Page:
GRAVES, MARY ELIZABETH, educator; d. unmarried 16 July 1901 in Claremont, N.H.
Nothing is known of the early years of Mary Elizabeth Graves’s life. She was educated at the New London Literary and Scientific Institution in New London, N.H., graduating in July 1864, and then taught in Claremont, Chicago, and Boston. While at the institution she had apparently come to the attention of Principal Artemas Wyman Sawyer, who in 1869 became president of Acadia College in Wolfville, N.S. Ten years later she too would move there.
The destruction by fire in December 1877 of the main building of Acadia forced the board of governors to replan Baptist educational facilities in Wolfville. Although classes at the secondary level had been coeducational since 1873, after considerable controversy it was decided to create a separate female academy. A building was erected during 1878–79 by Rhodes, Curry and Company [see Nelson Admiral Rhodes], complete with indoor plumbing and hot running water, and Graves was appointed principal of the new female seminary on 22 Aug. 1879.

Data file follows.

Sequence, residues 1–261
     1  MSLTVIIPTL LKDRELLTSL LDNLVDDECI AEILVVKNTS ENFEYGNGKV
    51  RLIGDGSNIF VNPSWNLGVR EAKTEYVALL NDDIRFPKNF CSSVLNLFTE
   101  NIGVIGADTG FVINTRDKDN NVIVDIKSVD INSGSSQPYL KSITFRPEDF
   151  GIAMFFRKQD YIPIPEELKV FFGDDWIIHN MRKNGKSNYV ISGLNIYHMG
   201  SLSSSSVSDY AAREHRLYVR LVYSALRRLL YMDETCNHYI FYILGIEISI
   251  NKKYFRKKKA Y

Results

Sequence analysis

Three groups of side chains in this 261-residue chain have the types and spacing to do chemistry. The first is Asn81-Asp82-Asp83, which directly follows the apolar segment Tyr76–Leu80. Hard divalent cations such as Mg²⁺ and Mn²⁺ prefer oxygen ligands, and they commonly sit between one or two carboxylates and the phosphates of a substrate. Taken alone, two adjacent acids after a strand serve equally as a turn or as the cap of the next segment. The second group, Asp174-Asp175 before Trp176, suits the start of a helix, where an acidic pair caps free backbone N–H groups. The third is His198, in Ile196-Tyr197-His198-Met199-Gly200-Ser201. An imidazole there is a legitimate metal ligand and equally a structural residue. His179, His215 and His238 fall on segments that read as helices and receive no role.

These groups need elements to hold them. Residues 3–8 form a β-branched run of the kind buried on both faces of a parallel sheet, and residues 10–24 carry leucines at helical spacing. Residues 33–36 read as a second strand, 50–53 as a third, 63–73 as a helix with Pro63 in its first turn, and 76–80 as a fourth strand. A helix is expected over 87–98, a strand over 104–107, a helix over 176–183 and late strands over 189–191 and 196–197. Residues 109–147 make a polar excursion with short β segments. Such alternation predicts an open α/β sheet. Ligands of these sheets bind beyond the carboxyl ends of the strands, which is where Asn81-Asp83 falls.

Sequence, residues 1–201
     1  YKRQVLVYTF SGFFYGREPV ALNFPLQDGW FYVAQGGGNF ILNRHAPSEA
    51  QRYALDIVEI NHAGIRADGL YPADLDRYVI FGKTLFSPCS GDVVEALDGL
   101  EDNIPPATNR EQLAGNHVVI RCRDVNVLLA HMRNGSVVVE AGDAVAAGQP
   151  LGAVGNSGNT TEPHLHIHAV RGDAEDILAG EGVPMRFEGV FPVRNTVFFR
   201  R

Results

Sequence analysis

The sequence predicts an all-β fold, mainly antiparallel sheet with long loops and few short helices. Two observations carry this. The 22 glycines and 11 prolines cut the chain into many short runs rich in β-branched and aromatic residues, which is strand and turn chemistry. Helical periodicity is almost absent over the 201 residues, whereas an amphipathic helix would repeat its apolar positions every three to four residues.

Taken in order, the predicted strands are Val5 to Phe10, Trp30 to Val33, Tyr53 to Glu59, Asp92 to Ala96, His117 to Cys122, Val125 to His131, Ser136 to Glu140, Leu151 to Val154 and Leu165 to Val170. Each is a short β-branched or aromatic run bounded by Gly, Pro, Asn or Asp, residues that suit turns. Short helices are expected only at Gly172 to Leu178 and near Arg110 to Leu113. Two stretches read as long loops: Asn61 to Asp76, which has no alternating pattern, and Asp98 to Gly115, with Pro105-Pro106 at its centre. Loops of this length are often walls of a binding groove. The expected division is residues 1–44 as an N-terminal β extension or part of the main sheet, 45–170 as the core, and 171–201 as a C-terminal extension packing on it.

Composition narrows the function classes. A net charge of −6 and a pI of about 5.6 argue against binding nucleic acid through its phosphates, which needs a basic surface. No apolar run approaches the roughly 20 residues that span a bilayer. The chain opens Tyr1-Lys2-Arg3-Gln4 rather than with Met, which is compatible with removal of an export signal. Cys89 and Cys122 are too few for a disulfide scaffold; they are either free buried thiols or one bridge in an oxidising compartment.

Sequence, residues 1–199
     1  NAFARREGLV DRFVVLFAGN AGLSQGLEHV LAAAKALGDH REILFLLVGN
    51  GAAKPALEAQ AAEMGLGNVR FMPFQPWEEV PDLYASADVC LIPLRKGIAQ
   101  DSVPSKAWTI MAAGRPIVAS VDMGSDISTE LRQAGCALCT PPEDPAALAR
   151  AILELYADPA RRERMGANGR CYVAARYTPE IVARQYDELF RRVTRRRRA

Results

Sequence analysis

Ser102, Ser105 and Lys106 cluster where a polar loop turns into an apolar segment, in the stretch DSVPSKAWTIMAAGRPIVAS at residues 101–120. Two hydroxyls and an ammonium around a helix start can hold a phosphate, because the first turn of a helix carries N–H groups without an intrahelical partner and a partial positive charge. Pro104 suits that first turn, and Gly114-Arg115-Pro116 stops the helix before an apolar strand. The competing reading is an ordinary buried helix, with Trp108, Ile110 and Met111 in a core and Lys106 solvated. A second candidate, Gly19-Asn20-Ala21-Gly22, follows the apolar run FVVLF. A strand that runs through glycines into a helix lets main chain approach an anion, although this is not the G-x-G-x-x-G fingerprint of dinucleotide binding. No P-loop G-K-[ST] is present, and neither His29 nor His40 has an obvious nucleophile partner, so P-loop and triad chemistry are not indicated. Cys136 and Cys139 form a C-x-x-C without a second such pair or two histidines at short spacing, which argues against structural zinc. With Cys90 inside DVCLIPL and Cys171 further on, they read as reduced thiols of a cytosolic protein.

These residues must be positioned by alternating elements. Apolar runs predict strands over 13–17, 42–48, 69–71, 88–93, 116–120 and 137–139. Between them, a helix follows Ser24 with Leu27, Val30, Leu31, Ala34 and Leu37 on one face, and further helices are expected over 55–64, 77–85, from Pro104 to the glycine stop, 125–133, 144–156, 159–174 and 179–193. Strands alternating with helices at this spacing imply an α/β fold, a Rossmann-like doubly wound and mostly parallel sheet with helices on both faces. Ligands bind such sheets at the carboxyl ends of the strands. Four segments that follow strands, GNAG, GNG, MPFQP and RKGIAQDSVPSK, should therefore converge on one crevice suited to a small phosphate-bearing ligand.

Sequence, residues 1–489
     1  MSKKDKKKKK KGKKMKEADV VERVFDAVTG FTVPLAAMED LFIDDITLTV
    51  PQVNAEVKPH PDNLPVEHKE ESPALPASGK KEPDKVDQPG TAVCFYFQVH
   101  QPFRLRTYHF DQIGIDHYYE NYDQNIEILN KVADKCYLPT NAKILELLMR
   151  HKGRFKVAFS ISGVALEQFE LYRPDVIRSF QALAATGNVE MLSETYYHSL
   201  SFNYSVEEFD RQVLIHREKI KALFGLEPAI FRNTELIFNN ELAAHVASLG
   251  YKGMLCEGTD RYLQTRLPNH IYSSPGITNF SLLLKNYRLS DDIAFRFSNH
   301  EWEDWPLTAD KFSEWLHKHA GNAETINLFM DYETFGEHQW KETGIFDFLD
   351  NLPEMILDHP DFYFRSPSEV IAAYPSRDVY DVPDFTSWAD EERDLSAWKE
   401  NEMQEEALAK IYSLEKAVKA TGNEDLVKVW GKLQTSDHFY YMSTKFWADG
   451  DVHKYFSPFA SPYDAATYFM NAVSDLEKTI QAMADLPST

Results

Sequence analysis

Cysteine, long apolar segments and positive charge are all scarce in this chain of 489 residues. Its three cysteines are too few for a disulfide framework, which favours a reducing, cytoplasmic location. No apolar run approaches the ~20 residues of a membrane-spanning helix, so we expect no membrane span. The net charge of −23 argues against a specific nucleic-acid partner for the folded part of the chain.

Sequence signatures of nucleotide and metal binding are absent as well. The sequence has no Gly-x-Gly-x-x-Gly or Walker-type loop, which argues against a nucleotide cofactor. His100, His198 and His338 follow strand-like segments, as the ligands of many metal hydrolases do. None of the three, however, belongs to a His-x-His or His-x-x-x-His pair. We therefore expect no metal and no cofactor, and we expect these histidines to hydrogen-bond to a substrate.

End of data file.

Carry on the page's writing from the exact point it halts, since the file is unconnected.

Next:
Graves came to Wolfville acclaimed as “a lady of executive ability and a teacher of high reputation,” and she lived up to the description. The presence of Greek, Latin, French, German, zoology, bookkeeping, and chemistry in the curriculum of the seminary makes clear that she intended the course to be a serious academic experience for the young women under her care. She was also responsible for later introducing Canadian history and physical education, while her interest in languages led her to establish a table in the dining-room where only French was spoken. In addition to serving as principal, Graves taught English rhetoric, literature, and art, instruction in the last subject being greatly enhanced as a result of studies she undertook while on leave in Europe.
Although the governors had intended to create a separate women’s institution, a “well organized Christian home” as the Acadia calendar described it, a certain ambivalence remained in their minds, in part because of financial constraints but also because of the trend toward coeducation in the United States, to which many Maritimers looked in educational matters. Some classes, for example French and German, were attended also by students of the male Horton Academy. In 1880, moreover, the first of the seminary graduates began studies at Acadia College itself. Four years later Clara Belle Marshall became the first woman to graduate from Acadia with a ba and the second in Canada to earn the degree. She was promptly hired to teach at the seminary. By 1894 the seminary’s program had been sufficiently revised to allow its graduates to enter the junior year at the college. Owing to Graves’s encouragement, four seminary students graduated from Acadia during her tenure, and a number of others attended classes there.